---- — The only thing more dangerous for drivers than an over-burdened, outdated highway is a highway under construction. Work zones, lane shifts and uneven pavement can turn a roadway into an obstacle course.
So it is imperative that the widening of Interstate 93 in Southern New Hampshire be pushed through to completion as soon as is possible.
And that makes a Claremont lawmaker’s bill to repeal the priority funding status for the I-93 project an extraordinarily bad and dangerous idea.
The $800 million I-93 widening project has long been New Hampshire’s top transportation project and had priority for available transportation funds.
Rep. John Cloutier, D-Claremont, vice chairman of the House Public Works and Highways Committee, said his bill to end the priority status would give the state Department of Transportation flexibility to fund other projects.
“There are other needs in other parts of the state that are being ignored,” Cloutier said.
State officials are putting together their 10-year transportation plan. The I-93 project is $250 million short of the funds needed to complete the work. Transportation Commissioner Christopher Clement told a House committee last summer that he has enough money to keep construction going on the widening project through the fall of 2015.
Local lawmakers oppose pulling I-93’s priority status.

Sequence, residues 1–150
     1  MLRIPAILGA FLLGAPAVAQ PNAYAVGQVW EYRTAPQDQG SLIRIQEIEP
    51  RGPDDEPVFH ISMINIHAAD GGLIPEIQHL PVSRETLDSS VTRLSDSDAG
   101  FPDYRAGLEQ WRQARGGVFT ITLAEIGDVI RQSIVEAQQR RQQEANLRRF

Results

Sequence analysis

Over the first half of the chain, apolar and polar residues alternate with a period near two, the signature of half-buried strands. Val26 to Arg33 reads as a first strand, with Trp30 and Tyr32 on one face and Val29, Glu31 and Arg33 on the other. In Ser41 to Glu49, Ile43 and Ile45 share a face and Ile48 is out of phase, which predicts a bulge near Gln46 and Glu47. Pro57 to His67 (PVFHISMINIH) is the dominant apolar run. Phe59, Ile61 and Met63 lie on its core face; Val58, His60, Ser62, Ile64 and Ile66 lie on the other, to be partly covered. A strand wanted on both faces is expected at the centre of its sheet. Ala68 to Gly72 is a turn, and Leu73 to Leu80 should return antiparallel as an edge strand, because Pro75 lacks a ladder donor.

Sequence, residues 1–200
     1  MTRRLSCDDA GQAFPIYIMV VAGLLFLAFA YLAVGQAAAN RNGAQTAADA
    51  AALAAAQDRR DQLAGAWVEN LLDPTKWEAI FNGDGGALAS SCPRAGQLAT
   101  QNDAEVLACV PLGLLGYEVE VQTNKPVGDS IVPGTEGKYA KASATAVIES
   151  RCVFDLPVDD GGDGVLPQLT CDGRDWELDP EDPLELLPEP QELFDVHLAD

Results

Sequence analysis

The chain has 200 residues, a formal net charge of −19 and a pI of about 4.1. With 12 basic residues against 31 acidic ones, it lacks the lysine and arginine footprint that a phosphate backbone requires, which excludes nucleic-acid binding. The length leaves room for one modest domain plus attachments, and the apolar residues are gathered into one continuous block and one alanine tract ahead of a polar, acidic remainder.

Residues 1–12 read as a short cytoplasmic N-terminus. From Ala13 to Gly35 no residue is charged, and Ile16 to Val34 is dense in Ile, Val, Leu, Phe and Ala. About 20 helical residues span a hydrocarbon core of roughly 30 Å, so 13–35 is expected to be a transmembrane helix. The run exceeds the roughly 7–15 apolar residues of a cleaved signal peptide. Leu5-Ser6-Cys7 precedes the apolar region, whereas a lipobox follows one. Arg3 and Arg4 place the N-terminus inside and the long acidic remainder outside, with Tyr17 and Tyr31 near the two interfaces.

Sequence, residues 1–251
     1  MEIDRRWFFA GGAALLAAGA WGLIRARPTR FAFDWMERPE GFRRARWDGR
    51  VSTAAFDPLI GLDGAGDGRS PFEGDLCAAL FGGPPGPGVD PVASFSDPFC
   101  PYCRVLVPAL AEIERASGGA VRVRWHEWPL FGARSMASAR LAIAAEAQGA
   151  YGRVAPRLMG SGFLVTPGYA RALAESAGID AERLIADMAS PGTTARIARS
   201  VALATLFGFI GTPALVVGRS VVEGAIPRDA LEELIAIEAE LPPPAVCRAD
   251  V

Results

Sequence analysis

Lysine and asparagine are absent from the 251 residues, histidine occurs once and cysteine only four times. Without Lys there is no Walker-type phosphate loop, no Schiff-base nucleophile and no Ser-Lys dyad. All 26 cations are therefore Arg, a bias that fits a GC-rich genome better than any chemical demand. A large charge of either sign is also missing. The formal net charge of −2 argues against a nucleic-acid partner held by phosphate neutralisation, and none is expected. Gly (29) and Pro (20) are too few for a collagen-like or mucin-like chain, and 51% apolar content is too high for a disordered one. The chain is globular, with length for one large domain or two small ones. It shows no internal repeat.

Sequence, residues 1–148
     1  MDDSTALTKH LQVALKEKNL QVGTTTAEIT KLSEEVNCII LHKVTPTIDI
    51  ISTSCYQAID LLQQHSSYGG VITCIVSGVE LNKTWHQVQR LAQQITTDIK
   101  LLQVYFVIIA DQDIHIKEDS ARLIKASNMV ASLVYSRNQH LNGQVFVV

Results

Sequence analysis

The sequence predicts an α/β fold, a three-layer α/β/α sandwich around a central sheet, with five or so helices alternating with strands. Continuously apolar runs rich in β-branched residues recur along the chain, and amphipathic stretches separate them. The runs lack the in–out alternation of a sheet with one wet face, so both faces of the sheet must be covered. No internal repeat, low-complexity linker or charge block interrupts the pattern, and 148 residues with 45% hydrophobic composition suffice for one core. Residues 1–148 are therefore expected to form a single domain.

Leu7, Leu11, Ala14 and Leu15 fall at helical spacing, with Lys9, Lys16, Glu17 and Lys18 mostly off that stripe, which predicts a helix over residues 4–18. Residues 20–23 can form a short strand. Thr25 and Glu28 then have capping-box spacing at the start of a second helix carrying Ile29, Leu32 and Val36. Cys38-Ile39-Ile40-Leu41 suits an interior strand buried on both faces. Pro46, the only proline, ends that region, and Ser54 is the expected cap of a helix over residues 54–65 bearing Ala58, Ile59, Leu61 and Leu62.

“I-93 is very, very important,” Rep. Mary Griffin, R-Windham, told reporter John Toole. “We’ve got to finish that. We’ve worked long and hard on that. That is vitally important to bringing our economy back.”
Rep. Jim Webb, D-Derry, agreed saying that I-93 is a conduit for tourist dollars.
“I-93 is important to the entire state,” he said.
Cloutier said he hopes his bill will cause lawmakers to consider other ways to fund road and bridge work around the state. Last session, he had proposed a 15-cent increase in the gas tax. The measure failed to pass.
Cloutier opposes the use of any future revenue from casino gambling for transportation, saying that money should go to education and human services. Expanded gambling has yet to pass the state Legislature.
“The gas tax is the fairer way of raising money,” Cloutier said. “That is a user fee. The more you drive, the more you pay.”
Griffin opposed the 15-cent hike in the gas tax but said she would consider a smaller increase, albeit reluctantly.
“I think people are being taxed enough,” she said.
Cloutier has a valid point that other road and bridge work in New Hampshire is important, too, and will just get more costly the longer it is delayed. The Southern New Hampshire Planning Commission has recommended $480 million in projects to DOT beyond the I-93 widening. State officials have suggested the region can expect only about $116 million.
But it would be a huge mistake to further delay the partially completed I-93 widening.
Interstate 93 is essential to the economy of Southern New Hampshire. It is a major commuter artery and a focus for economic development. The existing highway was inadequate for the traffic load and a danger to drivers.
Delaying the completion of the I-93 widening would put the state’s economy and — more importantly — drivers’ lives at risk.